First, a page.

Bonobos tracks Bono to the girl's house, but they escape on Bono's flying horse. They take refuge in her father's country home just outside of New York City, a place Bonobos cannot enter because [ANGEL/DEMON RULES]. There, Bono meets Beverly's father and wins his affection by not making a whole big deal out of his mispronunciation of French words. At one point, the mansion's boiler threatens to blow up the entire building due to built up pressure. Beverly's father is resolved to stay with it until it explodes because he refuses to let all his wife's furniture die without a fight. Bono is really good with mechanical devices, however, and can therefore open a valve no one else knew about even though it was right next to all the other valves. Because of this, the family takes him in as a son and Beverly lets him into her bedgina.

Unfortunately, a life on the streets has made Bono extremely good at sex, and poor virginal Beverly dies almost instantly afterwards. This confuses everyone. Bono, Bonobos, Horse, and Coin-Flipping Angel all figured saving Beverly's life would be Bono's miracle. Unsure what to make of this, Bonobos beats Bono to near death with his forehead and throws him off the Brooklyn Bridge.

But Bono does not die. Instead, he wanders New York for the next one hundred years, making money from stealing, doing chalk drawings, and occasionally performing as the frontman for Creed.

Then one day, he meets a little girl who looks just like Beverly and also suffers from lens flare-itis. The girl's mom takes a liking to Bono almost instantly, thus granting him unprecedented access to her personal life. She really really really really really expects to have sex with him at some point, but that is not to be her miracle, if only because, as a food columnist for a newspaper, the Angels know she has a more pressing miracle needed in her future.

A miracle is brewing, though, and this brings Bonobos back into things. To figure out exactly what the heck is going on, Bonobos has to hold council with Lucifer. Things are not going so well with Lucifer. He appears to be a time-stuck classic rock fan trapped in a sewer with lots of hanging, unshaded lightbulbs. Lucifer tells Bonobos that he totally fucked up on the stopping miracles front. See, while Bonobos assumed Bono's miracle was to save Beverly's life, the real miracle was hers when she saved his. That's why he remained alive for a hundred years while she only turned into a star. But Bono does have a miracle in his future, and if Bonobo doesn't want to fuck that one up, too, he must fight Bono man to man, which will momentarily cost him his demon-hood because [ANGEL/DEMON RULES].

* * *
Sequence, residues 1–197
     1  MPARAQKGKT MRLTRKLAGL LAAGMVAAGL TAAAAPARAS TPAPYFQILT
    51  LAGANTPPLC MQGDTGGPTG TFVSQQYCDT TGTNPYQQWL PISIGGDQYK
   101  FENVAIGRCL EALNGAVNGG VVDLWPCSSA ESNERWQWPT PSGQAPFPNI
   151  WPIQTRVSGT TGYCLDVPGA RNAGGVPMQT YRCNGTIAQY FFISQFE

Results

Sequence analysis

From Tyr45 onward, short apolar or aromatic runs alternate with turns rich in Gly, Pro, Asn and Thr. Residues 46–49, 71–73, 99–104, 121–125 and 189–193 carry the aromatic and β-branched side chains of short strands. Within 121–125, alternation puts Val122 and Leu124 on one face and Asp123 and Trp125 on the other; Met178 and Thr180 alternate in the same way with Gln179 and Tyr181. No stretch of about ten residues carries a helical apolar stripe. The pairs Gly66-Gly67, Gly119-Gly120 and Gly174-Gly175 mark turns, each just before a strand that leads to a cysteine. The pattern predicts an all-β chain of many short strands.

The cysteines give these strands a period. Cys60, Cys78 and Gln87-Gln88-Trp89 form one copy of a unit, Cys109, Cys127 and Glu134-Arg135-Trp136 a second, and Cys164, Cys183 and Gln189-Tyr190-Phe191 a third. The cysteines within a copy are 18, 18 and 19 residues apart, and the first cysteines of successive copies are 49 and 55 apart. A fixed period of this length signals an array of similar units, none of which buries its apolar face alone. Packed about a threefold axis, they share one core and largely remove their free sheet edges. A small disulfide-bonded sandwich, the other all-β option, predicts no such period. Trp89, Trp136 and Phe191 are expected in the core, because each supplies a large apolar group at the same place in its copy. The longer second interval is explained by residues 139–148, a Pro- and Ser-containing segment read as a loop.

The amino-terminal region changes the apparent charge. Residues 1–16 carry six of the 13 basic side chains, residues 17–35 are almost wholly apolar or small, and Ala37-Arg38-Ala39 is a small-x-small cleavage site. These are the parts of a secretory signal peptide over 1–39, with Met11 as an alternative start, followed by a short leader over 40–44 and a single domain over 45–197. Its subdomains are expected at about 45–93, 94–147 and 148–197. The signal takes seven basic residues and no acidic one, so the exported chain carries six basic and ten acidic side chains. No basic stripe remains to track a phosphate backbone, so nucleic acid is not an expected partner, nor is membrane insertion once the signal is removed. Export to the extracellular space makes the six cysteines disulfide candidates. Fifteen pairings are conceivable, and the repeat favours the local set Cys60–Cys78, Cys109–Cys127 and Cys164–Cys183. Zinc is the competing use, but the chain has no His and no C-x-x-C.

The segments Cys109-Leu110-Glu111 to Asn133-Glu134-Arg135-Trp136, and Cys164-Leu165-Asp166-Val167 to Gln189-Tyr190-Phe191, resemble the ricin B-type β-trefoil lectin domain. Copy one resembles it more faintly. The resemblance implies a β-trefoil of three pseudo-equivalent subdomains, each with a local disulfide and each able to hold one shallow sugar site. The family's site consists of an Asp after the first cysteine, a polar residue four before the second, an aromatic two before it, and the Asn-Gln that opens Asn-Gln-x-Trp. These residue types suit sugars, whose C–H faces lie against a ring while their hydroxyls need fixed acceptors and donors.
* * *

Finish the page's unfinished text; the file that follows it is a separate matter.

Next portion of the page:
So Bonobos goes after Bono, the new girl who looks like Beverly, and the new girl who looks like Beverly's mom. They have a big fight on an iced-over lake which Bonobos loses handily thanks to his new lack of demonic powers. Then Bono puts the dying kid on a miracle bed and gives her a erotic kiss that even her mom feels. This brings her back to life. With that done, Bono's horse flies him into outer space where he becomes his own star.

He tries to hook back up with Beverly, but unfortunately her star married another star almost fifty years ago. They have a family together, and she doesn't want to lose all that. So Bono goes back to Earth where he makes a living putting sick virginal ladies on that miracle bed and making out with them until their diseases die. This not only makes him a billionaire but provides the angels with enough miracles to finally kill off all demons forever. Except for Lucifer, who remains hidden in the sewers, writing and rewriting Jimi Hendrix's Wikipedia entry until he gets it just right.

(three stars)